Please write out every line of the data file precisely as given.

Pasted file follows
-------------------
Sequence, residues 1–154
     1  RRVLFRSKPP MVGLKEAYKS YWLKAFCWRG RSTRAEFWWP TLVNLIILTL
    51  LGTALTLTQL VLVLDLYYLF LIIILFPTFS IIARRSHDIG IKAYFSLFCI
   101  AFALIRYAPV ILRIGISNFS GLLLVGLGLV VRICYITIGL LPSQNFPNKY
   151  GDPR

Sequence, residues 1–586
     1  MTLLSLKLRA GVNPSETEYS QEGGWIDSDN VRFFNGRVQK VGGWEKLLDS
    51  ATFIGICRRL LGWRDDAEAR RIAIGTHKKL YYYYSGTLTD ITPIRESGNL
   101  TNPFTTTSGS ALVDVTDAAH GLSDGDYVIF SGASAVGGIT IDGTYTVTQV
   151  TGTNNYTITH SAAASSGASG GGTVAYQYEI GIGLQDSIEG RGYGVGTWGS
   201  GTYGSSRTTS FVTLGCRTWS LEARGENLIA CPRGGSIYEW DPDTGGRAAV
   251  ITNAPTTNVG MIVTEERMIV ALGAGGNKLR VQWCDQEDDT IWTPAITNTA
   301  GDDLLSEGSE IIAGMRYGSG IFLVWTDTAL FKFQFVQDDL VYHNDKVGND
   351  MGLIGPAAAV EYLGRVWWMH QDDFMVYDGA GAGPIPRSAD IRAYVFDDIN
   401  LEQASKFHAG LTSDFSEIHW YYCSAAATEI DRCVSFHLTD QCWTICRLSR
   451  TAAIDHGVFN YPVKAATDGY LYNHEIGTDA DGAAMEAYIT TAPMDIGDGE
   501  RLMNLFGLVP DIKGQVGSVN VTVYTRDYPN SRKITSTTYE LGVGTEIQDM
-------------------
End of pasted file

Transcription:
Sequence, residues 1–154
     1  RRVLFRSKPP MVGLKEAYKS YWLKAFCWRG RSTRAEFWWP TLVNLIILTL
    51  LGTALTLTQL VLVLDLYYLF LIIILFPTFS IIARRSHDIG IKAYFSLFCI
   101  AFALIRYAPV ILRIGISNFS GLLLVGLGLV VRICYITIGL LPSQNFPNKY
   151  GDPR

Sequence, residues 1–586
     1  MTLLSLKLRA GVNPSETEYS QEGGWIDSDN VRFFNGRVQK VGGWEKLLDS
    51  ATFIGICRRL LGWRDDAEAR RIAIGTHKKL YYYYSGTLTD ITPIRESGNL
   101  TNPFTTTSGS ALVDVTDAAH GLSDGDYVIF SGASAVGGIT IDGTYTVTQV
   151  TGTNNYTITH SAAASSGASG GGTVAYQYEI GIGLQDSIEG RGYGVGTWGS
   201  GTYGSSRTTS FVTLGCRTWS LEARGENLIA CPRGGSIYEW DPDTGGRAAV
   251  ITNAPTTNVG MIVTEERMIV ALGAGGNKLR VQWCDQEDDT IWTPAITNTA
   301  GDDLLSEGSE IIAGMRYGSG IFLVWTDTAL FKFQFVQDDL VYHNDKVGND
   351  MGLIGPAAAV EYLGRVWWMH QDDFMVYDGA GAGPIPRSAD IRAYVFDDIN
   401  LEQASKFHAG LTSDFSEIHW YYCSAAATEI DRCVSFHLTD QCWTICRLSR
   451  TAAIDHGVFN YPVKAATDGY LYNHEIGTDA DGAAMEAYIT TAPMDIGDGE
   501  RLMNLFGLVP DIKGQVGSVN VTVYTRDYPN SRKITSTTYE LGVGTEIQDM